This entry is not about some magical way that I have managed to camouflage myself in Kenya. That’s just impossible. Even if I were to say I was a white Kenya, which there are, most people I meet don’t seem to believe it. Instead, this article is about my camouflage bag. That’s right. But don’t go drawing up any mental images of brown and green splotched army bags or anything. Instead, this particular camouflage is simply a miniature, black, plastic bag, a bit larger than a sandwich baggie, but smaller than one of those gallon zip-locs.
Let me preface this with why I need a cultural camouflage bag. First, if I carry anything out in the open, especially anything computer-related, it gets stares. People automatically assume that it is better than what they have, and I should give it to them. Even a banana! Because I am carrying the banana, it must be better than the banana they are eating at the same moment, which I just saw them pluck from the same bunch. Thankfully this does not happen often, because I immediately picked up on lesson one of transporting goods in Kenya: cover them.
You cannot just cover them in anything though. For example, I tried walking from Nakumatt to the ferry holding Nakumatt bags. That didn’t go over well. Even if the bags just contained the same sugar or flour people could buy themselves, at the same cost, it was automatically assumed that I had just gone to Nakumatt and bought a TV, or Lawnmower, or that somehow my flour was special and would make me grow 500 feet tall. Nakumatt bags attract attention, sometimes more than just carrying things outright. Not good cover.
For the longest time since realizing this, I have just always carried around my faithful orange backpack (the one that I first got to go running around the bush in Australia.) It has served me well these past few years, and continues to do so. I still get eyes, but not the eyes of “I know you have something good in there.” Instead, these are the eyes of “I know you’re a tourist.” That isn’t always a bad thing, sometimes it gets your preferential treatment. And more and more Kenyans themselves are using backpacks, especially in the city, so I still feel comfortable with it. The Nakumatt bag-check attendant and I are buddies, and its always a running joke to see if I can fit my weeks grocerys into my bag. I usually can, thankfully. The one downside to the bag: it’s just a bit too big for taking on small trips, say, around camp. Also, because its my bag, people want it. It must be better than their backpack.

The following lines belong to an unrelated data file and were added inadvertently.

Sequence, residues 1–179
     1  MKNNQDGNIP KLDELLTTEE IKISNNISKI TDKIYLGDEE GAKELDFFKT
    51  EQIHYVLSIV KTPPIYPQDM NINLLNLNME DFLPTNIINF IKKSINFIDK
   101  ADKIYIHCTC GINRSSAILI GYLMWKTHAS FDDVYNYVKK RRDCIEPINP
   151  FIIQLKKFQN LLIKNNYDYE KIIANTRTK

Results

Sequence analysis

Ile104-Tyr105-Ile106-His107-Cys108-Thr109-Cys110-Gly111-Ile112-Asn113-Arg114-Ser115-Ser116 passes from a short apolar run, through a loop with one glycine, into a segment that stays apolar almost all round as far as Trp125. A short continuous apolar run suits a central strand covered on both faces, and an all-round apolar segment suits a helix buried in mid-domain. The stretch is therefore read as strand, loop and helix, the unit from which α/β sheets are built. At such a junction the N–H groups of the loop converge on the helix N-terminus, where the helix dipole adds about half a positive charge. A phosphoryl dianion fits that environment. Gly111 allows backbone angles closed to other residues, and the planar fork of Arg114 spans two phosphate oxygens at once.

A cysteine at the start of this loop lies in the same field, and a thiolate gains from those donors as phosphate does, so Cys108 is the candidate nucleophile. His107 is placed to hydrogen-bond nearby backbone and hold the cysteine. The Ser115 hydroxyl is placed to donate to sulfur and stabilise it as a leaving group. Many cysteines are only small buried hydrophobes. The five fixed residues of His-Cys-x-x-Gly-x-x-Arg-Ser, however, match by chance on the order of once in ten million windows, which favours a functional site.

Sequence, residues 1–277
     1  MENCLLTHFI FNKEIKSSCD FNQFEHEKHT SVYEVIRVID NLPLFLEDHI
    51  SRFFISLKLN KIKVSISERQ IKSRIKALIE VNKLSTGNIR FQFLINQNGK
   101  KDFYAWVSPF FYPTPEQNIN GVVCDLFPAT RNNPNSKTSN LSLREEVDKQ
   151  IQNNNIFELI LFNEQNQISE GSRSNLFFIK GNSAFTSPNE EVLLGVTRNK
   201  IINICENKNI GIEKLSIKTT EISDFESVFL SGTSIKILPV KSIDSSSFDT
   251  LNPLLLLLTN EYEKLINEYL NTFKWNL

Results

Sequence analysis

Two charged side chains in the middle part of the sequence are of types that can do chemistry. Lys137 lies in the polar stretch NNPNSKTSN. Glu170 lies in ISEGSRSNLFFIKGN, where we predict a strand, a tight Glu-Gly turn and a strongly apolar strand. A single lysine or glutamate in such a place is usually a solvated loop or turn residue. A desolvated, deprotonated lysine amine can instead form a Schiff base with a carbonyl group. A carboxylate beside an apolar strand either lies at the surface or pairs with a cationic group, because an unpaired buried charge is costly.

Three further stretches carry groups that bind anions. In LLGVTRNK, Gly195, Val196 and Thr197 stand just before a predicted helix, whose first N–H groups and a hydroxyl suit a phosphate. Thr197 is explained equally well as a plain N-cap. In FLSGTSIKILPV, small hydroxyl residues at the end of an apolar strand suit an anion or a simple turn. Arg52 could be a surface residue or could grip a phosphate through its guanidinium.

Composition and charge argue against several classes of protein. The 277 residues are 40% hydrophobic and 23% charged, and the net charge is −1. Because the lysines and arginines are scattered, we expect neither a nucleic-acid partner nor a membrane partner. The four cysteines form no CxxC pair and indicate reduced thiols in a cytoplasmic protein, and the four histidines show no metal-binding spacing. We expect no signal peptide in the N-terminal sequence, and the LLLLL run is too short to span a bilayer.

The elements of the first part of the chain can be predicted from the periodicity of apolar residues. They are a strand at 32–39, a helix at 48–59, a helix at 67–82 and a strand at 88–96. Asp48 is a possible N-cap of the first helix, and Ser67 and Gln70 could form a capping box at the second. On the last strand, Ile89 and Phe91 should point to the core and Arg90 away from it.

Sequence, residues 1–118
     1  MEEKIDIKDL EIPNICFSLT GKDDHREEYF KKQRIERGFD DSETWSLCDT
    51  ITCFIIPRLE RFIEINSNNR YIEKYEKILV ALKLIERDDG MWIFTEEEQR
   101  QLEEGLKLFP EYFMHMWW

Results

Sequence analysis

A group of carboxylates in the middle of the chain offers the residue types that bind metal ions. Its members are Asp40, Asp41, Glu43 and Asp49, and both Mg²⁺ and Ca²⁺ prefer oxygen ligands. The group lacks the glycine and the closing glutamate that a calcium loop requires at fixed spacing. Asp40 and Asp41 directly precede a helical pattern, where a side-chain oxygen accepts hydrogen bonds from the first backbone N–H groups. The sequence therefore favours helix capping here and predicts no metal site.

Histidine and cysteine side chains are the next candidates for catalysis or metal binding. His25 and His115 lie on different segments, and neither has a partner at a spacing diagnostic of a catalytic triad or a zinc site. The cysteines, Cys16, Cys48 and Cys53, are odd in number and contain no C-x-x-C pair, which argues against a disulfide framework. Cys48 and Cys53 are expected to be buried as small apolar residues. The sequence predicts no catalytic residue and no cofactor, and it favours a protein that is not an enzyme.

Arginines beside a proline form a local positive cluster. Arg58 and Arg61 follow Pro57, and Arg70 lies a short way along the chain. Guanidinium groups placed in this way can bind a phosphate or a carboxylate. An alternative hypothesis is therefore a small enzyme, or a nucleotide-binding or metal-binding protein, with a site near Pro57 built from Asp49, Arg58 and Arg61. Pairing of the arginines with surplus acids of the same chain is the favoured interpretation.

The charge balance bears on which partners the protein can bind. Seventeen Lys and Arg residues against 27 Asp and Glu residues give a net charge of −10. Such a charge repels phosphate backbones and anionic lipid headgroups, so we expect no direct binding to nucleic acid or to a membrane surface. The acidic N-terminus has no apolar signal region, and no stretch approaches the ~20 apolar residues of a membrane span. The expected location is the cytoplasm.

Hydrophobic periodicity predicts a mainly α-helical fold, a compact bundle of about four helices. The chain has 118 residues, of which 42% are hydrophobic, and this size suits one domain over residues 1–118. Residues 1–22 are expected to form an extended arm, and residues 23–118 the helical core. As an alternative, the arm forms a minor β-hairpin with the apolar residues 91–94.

I have since found the perfect bag to use for carrying little things: the little black, plastic, duka baggie. It’s the same baggie you use for buying bananas or anything else. There are heaps of them in the country and they produce so much waste that many development organizations are trying to figure out what to do with them. In ubiquity I have found protection. I can carry anything in these little bags. I frequently carry a portable hard drive, my iPod, my USB modem, and people are none the wiser! For all they care, I have a bag of peppers or bananas. It’s great! I bet I could leave this little baggie out in the open and nobody would bother it. Sorry if I don’t try to prove my anecdotal statement however.
In other news, I will be traveling back to Loitokitok this week to visit the new Trainees that came in, a group of about 30 Public Health Volunteers. They are getting a Personal ICT training session hosted by yours truly. We shall see how it goes. I am hoping for feedback and whatnot, but it will be good to see new blood and to get back to visit my host family in Loitokitok. Mama does make the best chapati in town. I wonder if they are hosting again this group? That’s about it for not. Any requests on topics for future updates?